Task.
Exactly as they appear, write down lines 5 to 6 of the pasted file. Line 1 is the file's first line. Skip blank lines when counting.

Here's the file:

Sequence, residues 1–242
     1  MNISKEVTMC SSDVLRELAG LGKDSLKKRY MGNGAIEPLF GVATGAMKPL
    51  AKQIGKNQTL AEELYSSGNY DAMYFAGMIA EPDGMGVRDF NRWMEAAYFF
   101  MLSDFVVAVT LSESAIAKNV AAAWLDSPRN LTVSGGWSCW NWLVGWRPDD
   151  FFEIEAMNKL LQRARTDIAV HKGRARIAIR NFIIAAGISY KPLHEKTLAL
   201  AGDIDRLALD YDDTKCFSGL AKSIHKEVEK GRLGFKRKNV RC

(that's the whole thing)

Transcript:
   151  FFEIEAMNKL LQRARTDIAV HKGRARIAIR NFIIAAGISY KPLHEKTLAL
   201  AGDIDRLALD YDDTKCFSGL AKSIHKEVEK GRLGFKRKNV RC